Wednesday, June 09, 2010

Joe in Cleveland

People often joke that they think there's more than one of me, but I think Joe Williams has surpassed me – he's EVERYWHERE!

City Club speaker says time is right for school reform in Cleveland

By Thomas Ott, The Plain Dealer

May 29, 2010, 10:00AM


CLEVELAND, Ohio -- Conditions are right to radically change the way schools do business, but proponents better act quickly or public attention will fade, says Joe Williams, executive director of Democrats for Education Reform.

Williams covered a variety of hot topics in a speech Friday at a City Club forum. He pushed for merit pay, tougher evaluation of teachers and for challenging his party's historically close relationship with teachers unions.

Change is possible because a rising generation of reformers are fed up with public schools' failures and have declared "enough is enough," said Williams, an author and former education writer for the New York Daily News and the Milwaukee Journal Sentinel. He said President Barack Obama and other Democrats have to continue confronting teachers unions, traditionally their supporters.

Backing also comes from foundations, charter schools and new alliances like Hispanic women who want safer schools for their children, Williams said. But he estimates that what he calls a "revolution" has only about three years to take hold before public attention moves on to other issues.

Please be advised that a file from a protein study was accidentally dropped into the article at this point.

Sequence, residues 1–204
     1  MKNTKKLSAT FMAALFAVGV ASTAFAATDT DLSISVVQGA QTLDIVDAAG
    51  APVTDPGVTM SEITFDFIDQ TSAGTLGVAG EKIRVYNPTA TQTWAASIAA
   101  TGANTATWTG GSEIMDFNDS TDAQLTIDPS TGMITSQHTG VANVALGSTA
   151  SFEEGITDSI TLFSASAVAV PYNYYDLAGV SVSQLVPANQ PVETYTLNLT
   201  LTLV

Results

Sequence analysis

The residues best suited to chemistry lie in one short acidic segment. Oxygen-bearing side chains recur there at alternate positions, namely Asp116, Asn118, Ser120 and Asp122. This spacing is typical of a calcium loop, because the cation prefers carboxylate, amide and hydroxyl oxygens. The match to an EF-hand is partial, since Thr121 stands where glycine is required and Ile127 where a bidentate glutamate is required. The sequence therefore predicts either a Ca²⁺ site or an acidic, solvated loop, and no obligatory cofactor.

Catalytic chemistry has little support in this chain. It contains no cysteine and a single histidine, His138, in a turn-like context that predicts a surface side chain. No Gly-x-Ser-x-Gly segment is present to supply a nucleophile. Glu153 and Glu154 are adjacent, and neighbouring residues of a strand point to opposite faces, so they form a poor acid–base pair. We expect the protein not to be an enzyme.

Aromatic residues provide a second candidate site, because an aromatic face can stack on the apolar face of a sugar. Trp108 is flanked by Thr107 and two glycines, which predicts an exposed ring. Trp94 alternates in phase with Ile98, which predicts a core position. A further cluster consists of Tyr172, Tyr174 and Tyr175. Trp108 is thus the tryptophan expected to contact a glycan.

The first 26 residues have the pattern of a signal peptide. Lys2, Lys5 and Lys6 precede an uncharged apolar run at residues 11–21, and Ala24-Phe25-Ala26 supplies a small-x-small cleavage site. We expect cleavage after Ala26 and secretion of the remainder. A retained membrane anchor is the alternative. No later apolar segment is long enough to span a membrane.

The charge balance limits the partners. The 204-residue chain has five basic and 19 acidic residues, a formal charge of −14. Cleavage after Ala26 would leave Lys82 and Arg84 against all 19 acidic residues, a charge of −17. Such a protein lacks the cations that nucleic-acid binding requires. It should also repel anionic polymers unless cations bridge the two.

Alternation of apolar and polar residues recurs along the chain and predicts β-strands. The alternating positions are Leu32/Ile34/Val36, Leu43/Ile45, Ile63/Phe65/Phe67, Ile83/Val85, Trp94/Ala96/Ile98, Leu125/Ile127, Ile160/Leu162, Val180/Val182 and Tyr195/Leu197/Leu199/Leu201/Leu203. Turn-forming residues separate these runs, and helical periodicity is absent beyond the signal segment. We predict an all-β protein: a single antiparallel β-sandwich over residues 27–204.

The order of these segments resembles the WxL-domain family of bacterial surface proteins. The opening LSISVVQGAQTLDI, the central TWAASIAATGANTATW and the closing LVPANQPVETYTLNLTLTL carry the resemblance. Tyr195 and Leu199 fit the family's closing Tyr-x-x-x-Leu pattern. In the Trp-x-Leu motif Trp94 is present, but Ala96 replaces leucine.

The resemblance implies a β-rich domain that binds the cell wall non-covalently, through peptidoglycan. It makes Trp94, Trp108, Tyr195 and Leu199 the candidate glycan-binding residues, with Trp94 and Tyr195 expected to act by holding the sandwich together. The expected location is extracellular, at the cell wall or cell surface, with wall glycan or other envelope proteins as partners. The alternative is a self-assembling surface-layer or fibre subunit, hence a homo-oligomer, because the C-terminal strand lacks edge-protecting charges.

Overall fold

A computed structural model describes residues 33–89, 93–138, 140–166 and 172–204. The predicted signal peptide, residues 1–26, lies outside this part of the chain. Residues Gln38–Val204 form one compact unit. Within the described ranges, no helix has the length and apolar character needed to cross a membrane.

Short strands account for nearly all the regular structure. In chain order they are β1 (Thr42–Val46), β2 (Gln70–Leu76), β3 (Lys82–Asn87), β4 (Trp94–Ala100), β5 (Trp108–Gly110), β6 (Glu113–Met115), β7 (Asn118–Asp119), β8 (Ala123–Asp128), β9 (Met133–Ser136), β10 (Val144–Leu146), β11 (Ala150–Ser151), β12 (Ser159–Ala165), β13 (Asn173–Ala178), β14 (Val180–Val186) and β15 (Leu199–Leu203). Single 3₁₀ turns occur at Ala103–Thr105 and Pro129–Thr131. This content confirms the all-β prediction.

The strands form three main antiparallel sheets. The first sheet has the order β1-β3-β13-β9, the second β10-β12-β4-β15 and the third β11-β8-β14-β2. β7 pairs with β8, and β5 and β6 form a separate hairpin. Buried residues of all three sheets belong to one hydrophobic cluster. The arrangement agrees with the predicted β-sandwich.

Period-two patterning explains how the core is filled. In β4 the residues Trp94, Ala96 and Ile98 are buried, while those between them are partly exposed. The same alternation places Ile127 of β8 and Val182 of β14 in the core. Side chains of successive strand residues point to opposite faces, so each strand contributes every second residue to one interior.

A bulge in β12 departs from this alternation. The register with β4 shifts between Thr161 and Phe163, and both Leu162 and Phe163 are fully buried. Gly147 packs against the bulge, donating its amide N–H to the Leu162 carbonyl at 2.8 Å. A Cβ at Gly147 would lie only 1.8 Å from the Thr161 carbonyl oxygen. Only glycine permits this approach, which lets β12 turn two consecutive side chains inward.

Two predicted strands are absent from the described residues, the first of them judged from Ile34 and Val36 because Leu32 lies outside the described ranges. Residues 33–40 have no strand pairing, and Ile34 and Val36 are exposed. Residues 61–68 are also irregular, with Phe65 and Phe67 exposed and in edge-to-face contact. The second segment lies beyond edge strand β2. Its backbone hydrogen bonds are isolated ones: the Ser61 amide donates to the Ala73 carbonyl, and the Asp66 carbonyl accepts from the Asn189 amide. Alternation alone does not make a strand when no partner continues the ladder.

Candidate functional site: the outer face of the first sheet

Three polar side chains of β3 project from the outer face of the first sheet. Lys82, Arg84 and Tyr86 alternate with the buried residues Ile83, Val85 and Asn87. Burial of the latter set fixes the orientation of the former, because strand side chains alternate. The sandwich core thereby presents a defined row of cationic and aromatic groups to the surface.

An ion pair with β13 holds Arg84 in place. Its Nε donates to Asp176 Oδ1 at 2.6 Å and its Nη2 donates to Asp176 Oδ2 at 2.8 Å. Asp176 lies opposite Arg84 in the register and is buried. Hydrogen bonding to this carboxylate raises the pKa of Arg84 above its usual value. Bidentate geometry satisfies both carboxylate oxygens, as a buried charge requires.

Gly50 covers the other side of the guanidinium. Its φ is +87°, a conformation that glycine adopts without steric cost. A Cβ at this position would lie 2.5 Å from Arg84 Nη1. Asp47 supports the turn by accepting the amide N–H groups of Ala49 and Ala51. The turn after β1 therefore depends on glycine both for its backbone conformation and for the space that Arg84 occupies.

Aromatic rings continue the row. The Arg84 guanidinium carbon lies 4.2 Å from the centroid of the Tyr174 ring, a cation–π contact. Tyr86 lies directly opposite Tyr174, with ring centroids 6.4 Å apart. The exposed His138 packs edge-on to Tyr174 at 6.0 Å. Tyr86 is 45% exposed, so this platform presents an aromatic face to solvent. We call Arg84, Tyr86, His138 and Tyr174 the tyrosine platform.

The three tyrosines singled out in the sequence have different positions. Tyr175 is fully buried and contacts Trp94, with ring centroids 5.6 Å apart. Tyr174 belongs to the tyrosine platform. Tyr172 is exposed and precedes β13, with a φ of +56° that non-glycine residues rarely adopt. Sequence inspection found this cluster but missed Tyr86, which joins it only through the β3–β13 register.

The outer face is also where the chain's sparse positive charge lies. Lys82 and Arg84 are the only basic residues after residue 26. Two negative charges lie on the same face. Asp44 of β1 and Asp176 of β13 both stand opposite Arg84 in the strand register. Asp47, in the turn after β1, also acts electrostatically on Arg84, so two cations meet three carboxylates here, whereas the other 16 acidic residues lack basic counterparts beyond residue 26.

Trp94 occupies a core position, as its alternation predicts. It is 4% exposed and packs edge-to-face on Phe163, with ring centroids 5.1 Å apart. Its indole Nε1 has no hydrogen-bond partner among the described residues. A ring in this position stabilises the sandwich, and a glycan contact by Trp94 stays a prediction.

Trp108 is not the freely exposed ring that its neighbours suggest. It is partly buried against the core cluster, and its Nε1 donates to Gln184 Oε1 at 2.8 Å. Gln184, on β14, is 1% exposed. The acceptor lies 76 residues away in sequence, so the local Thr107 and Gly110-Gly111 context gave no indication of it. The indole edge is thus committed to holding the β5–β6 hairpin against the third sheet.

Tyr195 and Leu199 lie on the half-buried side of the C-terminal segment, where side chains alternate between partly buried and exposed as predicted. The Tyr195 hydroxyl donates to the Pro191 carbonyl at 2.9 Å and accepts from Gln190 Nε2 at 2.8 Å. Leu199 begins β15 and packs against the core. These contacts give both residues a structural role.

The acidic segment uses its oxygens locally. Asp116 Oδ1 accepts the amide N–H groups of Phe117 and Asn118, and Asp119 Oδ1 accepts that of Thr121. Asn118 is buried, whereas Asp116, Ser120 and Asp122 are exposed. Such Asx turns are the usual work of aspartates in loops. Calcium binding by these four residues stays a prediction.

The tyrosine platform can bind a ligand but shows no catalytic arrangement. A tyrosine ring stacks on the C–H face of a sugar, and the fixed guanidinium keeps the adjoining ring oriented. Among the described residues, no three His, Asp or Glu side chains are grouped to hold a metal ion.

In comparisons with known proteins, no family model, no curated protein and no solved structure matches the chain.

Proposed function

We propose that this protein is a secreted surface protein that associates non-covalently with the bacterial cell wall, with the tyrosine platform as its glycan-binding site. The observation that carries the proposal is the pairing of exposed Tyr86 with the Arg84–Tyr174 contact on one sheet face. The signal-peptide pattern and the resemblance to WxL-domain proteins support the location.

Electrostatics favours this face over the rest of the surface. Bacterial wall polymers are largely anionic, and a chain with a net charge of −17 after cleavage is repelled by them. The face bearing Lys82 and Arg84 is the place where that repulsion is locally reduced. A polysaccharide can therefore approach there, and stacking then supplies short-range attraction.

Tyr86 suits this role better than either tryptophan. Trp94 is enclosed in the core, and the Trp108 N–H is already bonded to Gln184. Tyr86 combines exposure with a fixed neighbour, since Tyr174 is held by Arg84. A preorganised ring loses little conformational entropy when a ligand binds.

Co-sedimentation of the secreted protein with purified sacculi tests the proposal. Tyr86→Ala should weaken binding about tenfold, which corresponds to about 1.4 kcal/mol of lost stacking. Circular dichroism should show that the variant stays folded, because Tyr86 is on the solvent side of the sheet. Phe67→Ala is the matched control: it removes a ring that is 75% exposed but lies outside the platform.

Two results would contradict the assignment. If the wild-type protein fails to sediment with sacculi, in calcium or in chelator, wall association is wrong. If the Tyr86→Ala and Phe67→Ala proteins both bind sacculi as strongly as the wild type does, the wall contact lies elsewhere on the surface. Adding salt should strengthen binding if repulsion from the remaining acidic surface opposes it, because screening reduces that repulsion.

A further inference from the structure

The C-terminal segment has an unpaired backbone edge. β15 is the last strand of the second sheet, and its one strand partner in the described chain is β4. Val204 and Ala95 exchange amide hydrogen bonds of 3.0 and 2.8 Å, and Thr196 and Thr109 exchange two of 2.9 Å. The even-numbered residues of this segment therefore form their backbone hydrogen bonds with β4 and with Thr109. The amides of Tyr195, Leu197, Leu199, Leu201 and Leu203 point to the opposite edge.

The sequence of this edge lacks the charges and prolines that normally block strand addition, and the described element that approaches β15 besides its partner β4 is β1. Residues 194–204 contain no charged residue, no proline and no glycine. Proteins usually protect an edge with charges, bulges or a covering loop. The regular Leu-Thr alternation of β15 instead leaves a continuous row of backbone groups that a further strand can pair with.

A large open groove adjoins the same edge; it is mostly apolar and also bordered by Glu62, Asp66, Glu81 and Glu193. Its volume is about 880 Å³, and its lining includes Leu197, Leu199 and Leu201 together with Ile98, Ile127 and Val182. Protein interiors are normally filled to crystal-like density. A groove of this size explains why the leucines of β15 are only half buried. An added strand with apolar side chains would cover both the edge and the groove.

"We may not have a very long window," he said. "The burden is on us to make the most of this transformation."

Williams called for tougher evaluation of teachers and higher salaries for those who perform best.

Antonio James, one of several students from Cleveland's Glenville High School who were in the audience, asked Williams why bad teachers had been allowed to get by until recently without serious criticism. James, a junior, said afterward that most of his teachers work hard, but "some are just there."

Williams said no one wanted to take on the thorny problem until now.

"I think we've just got people who have more guts and are saying, 'Enough is enough,' " Williams replied.

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